So, what is it that attracts this type of consumer to Freebirds, and female consumers and those with more disposable income to Chipotle? Is it the price? The rice? The guacamole?
Let’s take a quick look at how we could go about figuring this out.
Finding actionable insights in a sea of data
We know a few basic stats about the gender and demographic distribution for our brands, now let’s figure out what matters to these consumers.
Topic clouds provide the opportunity to see exactly what people are talking about, how frequently and with what sentiment.
We’ll start here and then compare the topics males discuss compared to females in order to build a model that includes the most relevant attributes we should be focusing on.
In cross-referencing the topics males discuss when mentioning Chipotle compared to females, female customers were found to discuss the importance of the ingredients more often.
This was recognized not only with the word ingredients but also with other related words like meat as well.
Looking at female conversations specifically about Chipotle and ingredients, the conversations focused on topics like humanely raised and farm raised meats, non-GMO ingredients, and “food with integrity”.
When filtered to mentions of Freebirds created by males, rice appeared in our results of common topics.
This topic was not found in the top fifty most popular topics for other brands or in the general Freebirds query that included both males and females.
Finally, several other topics were found throughout this phase of our analysis including queso, carnitas, tacos, and of course guacamole.
Now that we’ve identified what customers reference most, we’ll create a few custom categories that will make it easier to compare these attributes across all brands.
To create categories, we’ll build a dictionary of words and synonyms associated with each attribute. For example, the guacamole category filter will include guacamole, guac, #guacamole, or #guac.
By mixing in these specific themes with standard themes like cost, health, and quality we can get a very clear picture of how customers position brands on the attributes that matter most to them.
Observing the information side-by-side we can see that female Chipotle customers are less price sensitive, talking about the cost less often and with lower frequencies of negative statements.
They also talk about guacamole more often and with higher favorability than their male counterparts.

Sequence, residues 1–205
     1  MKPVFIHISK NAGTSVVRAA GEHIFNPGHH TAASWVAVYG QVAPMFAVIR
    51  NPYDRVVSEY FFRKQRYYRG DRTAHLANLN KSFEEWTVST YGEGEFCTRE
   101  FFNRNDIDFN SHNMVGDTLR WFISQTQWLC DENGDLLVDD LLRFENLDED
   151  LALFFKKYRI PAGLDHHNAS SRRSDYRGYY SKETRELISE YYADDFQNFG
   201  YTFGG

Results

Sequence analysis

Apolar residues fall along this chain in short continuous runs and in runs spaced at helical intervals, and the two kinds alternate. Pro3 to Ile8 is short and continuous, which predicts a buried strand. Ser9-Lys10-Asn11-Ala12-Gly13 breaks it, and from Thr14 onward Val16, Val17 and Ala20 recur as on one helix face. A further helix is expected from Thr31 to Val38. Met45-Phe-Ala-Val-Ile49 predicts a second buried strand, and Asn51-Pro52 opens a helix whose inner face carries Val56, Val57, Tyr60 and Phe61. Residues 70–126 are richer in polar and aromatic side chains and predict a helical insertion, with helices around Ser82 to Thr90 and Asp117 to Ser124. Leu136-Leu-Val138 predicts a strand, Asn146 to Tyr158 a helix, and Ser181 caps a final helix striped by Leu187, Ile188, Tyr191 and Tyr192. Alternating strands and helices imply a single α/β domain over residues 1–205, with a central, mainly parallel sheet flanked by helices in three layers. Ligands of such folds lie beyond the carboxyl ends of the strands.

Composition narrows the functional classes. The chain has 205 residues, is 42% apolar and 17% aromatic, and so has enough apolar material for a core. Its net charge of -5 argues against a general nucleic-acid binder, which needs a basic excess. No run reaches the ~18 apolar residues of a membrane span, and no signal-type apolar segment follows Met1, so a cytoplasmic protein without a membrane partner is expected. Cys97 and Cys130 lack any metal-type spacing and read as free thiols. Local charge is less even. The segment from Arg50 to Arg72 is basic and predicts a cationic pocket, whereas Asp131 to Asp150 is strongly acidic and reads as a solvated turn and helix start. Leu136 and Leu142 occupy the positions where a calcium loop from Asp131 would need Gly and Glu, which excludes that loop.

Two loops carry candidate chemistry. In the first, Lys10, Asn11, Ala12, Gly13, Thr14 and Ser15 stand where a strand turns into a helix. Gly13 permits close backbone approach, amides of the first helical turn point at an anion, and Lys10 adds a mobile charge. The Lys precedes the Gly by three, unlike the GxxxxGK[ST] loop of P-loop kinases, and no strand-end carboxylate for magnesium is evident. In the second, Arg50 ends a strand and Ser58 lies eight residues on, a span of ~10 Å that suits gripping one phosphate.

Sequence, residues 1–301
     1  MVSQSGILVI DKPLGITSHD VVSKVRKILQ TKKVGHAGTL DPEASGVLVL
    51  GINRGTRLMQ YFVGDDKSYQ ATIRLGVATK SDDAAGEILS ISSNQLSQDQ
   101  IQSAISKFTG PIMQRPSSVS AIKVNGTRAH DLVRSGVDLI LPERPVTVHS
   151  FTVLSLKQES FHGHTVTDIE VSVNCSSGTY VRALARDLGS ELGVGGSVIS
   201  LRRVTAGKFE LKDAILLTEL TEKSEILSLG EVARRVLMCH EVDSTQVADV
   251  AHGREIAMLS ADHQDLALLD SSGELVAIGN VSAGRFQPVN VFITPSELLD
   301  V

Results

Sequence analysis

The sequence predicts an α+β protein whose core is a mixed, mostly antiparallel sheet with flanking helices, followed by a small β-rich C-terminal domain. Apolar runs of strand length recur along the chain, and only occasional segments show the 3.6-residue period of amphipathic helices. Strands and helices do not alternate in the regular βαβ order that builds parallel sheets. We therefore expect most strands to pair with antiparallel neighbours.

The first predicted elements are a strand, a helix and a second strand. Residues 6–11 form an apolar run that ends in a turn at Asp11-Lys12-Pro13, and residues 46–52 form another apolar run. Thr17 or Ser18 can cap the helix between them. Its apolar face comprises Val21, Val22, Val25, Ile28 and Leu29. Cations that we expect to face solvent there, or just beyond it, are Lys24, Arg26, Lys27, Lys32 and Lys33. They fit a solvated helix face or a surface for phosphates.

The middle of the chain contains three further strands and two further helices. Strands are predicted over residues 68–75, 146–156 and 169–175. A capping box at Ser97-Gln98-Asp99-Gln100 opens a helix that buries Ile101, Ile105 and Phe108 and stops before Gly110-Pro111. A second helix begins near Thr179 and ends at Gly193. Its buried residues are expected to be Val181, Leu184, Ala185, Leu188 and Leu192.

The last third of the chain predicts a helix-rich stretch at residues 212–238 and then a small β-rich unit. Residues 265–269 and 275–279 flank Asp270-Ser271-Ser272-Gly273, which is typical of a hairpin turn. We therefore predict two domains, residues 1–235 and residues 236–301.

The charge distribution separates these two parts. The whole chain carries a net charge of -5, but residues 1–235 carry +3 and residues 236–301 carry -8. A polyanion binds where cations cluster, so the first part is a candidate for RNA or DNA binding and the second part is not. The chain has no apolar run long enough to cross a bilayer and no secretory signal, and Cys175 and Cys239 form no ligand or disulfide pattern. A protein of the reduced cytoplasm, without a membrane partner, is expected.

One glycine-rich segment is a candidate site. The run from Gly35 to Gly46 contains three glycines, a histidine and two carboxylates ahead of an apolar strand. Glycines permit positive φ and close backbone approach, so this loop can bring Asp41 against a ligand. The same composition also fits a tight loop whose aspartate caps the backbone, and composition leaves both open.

For rice and tacos, female customers talk about these items only slightly more, but also less favorably in both cases.
In comparing what female customers like about Chipotle in relation to our other brands, we can begin to uncover the strengths and weaknesses within the field and identify the opportunities where Bro!ritto can best compete.
One of the findings we uncovered is that Chipotle very obviously leads the market with female consumers as the go-to fast casual burrito restaurant for guacamole.
Our next step from here would be to figure out what it is about Chipotle’s guacamole that has won over consumer awareness and affinity.
Is it purely taste? Is it health related? What do customers think about the cost?
As it turns out, even though consumers love the way Chipotle’s guacamole tastes and view it as a quality offering, cost comes up more often than any theme and with a significant amount of negativity.
After going through each of the items in this exercise we’re left with actionable intelligence that we can begin using to inform strategy for Bro!ritto.
Application in action, what we know and how we can use it
Let’s wrap things up and go over how we could apply what we know. I’ll include insights that have been fully enumerated upon as well as some additional items that weren’t discussed.
Female consumers are drawn to Chipotle’s guacamole but have negative views on how Chipotle prices it. They also frequently discuss the high quality of the brand’s guacamole.
Highlight guacamole in ads
Offer guacamole as a low cost add-on
Use language and imagery to suggest quality and freshness
Male consumers are drawn to Freebirds rice specifically because they have a more flavorful seasoned rice offering.
Offer a seasoned rice option
Customers of every fast casual burrito restaurant referenced chicken most often.
Provide multiple offerings of chicken
Customers of these establishments are health aware, often discussing the unhealthiness of the food to a greater degree than the individual ingredients.
Create health guides that help customers make the healthiest decisions without affecting taste
Taste is the most frequently referenced theme in consumer conversations.
Tie together the taste with health aspects, quality of ingredients, freshness, and customizability